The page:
Ever since the Penguins were swept out of the first round of the playoffs by the New York Islanders, it’s been clear they wouldn’t be returning the same team in October. The past two early playoff exits were simply not acceptable to a franchise that’s in perennial win-now mode, and will be for as long as they have the services of talents like Sidney Crosby and Evgeni Malkin.

GM Jim Rutherford has spent his summer talking about changing the culture of the team, and talking with his counterparts around the league. He’s been so singularly focused on that goal that, when asked what he’d do for an encore after being named to the Hockey Hall of Fame last Tuesday, he quipped, “Probably go back to my office and see if we can change this team like I’ve been trying to do for two months.”

The first change saw defenseman Olli Maatta, a two-time Stanley Cup champion at age 24, shipped to Chicago in exchange for forward Dominik Kahun and a 2019 fifth-round pick. Maatta was coming off of a disappointing season where he missed 21 games with a shoulder injury and was a healthy scratch during the playoffs, but had been a top-four blueliner for most of his six seasons with the Penguins.

Saturday, though, brought the seismic move, the one that signaled the end of an era of sorts for the Penguins.

Phil Kessel, whose arrival four years ago helped usher in the exciting brand of speed and skill that brought the Penguins back-to-back Stanley Cups, went to Arizona, along with prospect Dane Birks and a 2021 fourth-round draft pick, in exchange for forward Alex Galchenyuk and defenseman Pierre-Olivier Joseph, a first-rounder in 2017.

With Pittsburgh looking to make significant changes this summer and Crosby, Malkin and defenseman Kris Letang ranging from untouchable to unlikely to move, Kessel became a focal point from the first moments of the Penguins’ early offseason. When news became public that Rutherford had agreed to a trade with Minnesota that would’ve sent Kessel there in May, along with defenseman Jack Johnson – if Kessel had been willing to waive his 23-team no-movement clause to accept it – his eventual departure started to feel inevitable.

Finally, Rutherford was able to strike a deal with Arizona, Kessel’s preferred destination due to his relationship with head coach Rick Tocchet, former assistant with the Penguins. The GM insisted, though, that Kessel could have returned to Pittsburgh next season without things being awkward, and coexisted with head coach Mike Sullivan, if a trade hadn’t worked out.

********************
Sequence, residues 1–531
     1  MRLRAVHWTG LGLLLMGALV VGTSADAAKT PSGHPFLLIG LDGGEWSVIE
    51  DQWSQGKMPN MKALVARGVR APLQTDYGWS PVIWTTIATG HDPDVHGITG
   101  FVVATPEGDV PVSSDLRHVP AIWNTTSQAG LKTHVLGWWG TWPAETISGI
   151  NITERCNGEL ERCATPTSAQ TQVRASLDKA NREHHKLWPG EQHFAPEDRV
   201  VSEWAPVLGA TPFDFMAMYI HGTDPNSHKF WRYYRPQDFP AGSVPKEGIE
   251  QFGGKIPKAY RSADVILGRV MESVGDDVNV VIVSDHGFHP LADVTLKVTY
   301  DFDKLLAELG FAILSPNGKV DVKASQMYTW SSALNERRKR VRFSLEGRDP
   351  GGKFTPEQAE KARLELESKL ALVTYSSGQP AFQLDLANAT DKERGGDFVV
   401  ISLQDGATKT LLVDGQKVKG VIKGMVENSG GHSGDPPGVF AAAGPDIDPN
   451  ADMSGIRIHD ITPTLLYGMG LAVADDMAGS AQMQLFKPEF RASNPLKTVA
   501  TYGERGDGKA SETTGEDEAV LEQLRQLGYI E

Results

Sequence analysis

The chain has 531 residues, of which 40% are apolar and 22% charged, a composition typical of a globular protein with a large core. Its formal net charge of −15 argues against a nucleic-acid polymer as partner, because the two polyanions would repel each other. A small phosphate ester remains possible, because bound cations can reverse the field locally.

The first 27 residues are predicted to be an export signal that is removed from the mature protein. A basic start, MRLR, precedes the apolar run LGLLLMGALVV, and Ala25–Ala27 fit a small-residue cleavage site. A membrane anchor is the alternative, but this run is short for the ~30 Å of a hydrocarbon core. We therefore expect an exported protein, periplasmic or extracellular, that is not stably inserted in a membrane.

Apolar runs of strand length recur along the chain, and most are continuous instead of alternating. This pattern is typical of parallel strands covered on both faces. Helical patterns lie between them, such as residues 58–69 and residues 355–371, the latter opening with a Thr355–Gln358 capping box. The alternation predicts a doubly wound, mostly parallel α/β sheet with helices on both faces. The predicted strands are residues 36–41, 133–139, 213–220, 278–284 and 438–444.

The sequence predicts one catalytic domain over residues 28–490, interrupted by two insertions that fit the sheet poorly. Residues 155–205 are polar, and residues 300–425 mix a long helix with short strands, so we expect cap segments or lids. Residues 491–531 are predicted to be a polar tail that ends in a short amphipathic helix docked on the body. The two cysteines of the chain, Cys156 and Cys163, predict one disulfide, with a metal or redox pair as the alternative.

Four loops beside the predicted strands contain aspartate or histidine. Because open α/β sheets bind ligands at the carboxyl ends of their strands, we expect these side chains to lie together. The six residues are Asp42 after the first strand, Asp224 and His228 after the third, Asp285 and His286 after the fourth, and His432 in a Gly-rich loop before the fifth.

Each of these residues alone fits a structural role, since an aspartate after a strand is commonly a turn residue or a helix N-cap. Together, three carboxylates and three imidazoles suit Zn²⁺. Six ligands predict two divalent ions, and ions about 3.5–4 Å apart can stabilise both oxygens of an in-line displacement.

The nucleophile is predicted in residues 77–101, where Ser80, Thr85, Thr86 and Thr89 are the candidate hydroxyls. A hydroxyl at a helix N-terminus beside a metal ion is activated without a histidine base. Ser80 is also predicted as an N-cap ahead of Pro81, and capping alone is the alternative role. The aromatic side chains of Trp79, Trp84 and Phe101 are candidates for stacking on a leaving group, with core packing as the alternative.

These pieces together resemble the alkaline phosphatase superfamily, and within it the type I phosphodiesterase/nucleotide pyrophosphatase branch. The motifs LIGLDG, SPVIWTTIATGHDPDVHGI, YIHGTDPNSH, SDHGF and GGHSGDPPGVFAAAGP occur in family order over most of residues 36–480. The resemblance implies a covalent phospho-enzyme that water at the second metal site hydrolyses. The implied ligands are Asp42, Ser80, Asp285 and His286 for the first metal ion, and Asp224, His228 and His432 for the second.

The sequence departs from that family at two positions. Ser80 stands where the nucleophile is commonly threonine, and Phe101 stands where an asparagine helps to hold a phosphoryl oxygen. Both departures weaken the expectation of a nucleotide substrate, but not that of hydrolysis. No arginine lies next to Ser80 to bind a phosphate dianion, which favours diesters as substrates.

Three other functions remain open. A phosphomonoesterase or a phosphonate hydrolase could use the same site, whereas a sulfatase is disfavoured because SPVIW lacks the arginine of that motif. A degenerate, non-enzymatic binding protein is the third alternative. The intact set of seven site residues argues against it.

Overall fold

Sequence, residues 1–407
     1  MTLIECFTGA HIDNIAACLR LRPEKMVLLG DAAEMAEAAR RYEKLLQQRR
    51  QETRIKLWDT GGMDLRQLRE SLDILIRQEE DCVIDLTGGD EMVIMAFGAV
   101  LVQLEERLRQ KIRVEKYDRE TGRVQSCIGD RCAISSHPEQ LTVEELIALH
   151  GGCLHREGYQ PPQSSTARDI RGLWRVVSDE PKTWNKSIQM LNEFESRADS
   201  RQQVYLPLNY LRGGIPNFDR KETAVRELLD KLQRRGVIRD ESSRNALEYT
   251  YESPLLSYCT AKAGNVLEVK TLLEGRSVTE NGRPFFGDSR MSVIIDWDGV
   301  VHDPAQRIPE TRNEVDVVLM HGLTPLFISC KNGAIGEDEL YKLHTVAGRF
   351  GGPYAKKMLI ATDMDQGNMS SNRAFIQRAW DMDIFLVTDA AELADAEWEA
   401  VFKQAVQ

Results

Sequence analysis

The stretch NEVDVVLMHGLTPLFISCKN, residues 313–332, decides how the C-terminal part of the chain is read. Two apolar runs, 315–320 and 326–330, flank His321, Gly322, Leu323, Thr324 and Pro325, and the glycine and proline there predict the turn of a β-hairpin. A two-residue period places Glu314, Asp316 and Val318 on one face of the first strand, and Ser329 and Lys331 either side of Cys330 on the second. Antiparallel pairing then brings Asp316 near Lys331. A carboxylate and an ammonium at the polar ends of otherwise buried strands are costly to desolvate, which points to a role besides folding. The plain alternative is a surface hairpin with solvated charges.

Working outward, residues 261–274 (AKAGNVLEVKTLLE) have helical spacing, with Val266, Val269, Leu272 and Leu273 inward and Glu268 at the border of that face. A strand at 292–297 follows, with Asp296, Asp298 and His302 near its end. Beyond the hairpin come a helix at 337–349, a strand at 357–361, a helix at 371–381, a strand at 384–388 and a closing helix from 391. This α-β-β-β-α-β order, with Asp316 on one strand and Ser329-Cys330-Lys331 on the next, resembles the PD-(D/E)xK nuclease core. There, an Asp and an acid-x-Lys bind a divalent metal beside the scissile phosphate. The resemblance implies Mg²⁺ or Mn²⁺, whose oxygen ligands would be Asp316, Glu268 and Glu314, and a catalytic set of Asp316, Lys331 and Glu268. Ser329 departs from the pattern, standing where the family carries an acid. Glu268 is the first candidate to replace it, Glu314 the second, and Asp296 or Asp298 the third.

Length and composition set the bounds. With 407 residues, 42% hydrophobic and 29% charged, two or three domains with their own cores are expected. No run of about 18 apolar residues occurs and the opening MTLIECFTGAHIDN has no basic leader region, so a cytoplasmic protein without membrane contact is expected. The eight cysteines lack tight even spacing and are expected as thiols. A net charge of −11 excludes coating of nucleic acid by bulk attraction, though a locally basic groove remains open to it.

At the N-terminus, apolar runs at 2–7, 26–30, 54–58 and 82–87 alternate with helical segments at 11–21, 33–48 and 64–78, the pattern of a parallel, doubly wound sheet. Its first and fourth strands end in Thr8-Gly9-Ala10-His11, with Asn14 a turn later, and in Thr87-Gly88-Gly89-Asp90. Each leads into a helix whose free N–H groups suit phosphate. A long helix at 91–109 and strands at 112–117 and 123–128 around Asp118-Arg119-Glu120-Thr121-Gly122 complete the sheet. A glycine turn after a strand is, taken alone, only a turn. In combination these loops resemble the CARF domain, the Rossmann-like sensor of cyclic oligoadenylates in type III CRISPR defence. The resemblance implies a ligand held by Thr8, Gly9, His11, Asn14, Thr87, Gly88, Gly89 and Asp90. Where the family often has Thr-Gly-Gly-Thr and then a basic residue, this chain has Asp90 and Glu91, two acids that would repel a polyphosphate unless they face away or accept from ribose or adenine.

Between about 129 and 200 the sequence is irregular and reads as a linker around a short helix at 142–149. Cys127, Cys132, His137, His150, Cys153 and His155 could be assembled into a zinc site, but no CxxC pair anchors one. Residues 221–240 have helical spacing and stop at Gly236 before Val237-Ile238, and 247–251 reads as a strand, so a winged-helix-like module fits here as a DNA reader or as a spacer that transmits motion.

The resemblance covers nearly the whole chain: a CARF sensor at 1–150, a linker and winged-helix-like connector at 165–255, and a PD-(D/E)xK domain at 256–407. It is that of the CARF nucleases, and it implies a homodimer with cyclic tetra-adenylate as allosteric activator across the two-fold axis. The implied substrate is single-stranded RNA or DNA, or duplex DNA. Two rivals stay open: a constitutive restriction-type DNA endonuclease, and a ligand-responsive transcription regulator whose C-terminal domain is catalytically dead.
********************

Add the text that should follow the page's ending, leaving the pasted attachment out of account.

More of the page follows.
“I think it was a little blown out of proportion at times,” Rutherford said. “There were times that they didn’t agree on things, maybe what line he was on and whatnot. That’s not an isolated case; that happens at times throughout our league. That was not the factor of him being moved. I did not see that as a problem of our team not getting to the level of play that we felt we should have, or played longer in the playoffs.”

Rutherford made a point of saying that his goal of changing the culture of the team wasn’t about one player. “I don’t want to point this at Phil,” he said. “He was a terrific player for us and a huge part of winning those two Cups. I can’t say enough good things about him. I like him personally. It was just time to make a change with him.”

The Penguins aren’t likely to get Kessel’s point-per-game production from Galchenyuk, who scored 41 points (19G, 22A) in 72 games last year and 56 (30G, 26A) in his best season four years ago. But they get younger – Kessel is 31, Galchenyuk 25 – and they get a fresh player who, coming from Montreal and Arizona, is excited for the opportunity a team like Pittsburgh represents.

“Changing the mix of our team was important at this point,” Rutherford said. “I talked about our team being content with our success over the last few years; trying to bring new people in that are excited to be here. I talked to Alex in the last 15 minutes. His excitement was coming right through the phone. He’s very excited about coming here. If he plays to the level that he’s capable of, he should be a guy that contributes a lot of goals.”

Joseph is also an exciting prospect for the Penguins, who picked up a couple of them in forwards Samuel Poulin and Nathan Légaré in this year’s NHL Entry Draft. Turning 20 on July 1 and weighing in at just 163 pounds on his 6-foot-2 frame, Joseph is likely a few years away from making an NHL impact. But he’s a good skater who’s put up good numbers in the QMJHL, and he helps build up a Pittsburgh farm system that’s showing the effects of being in win-now mode for years.

If there was any doubt the relationship between Kessel and the Penguins had probably run its course, conflicting statements about whether Kessel had asked for a trade seemed to point to a breakdown in communication at best, an irreparable divide at worst.

“He asked to be traded a few times over the course of time,” Rutherford said. “Of course, then a little time went by and he wasn’t quite sure if he wanted [to be] traded. There were times when he felt that going somewhere else would be in everybody’s best interest.”

“I’m not sure that’s exactly what happened,” Kessel said. “I think he’s mistaken a little bit there. But I don’t want to get involved in that. I’m not here to tell what really happened and the real truth, but whatever Jim wants to say.”

The deal leaves the Penguins with $5 million in cap space, but closer to $2 million after they sign their restricted free agents. Because Rutherford wants to get involved in discussions with other free agents come Monday, it’s a safe bet he’s still working the phones, looking to free up more.

In the meantime, Pittsburgh fans can circle Dec. 6 on their calendars as the day one of the most popular Penguins in recent years returns to PPG Paints Arena with the Coyotes. The fans’ ovation is likely to bring the house down. And, Sunday, Kessel let them know the feeling was mutual.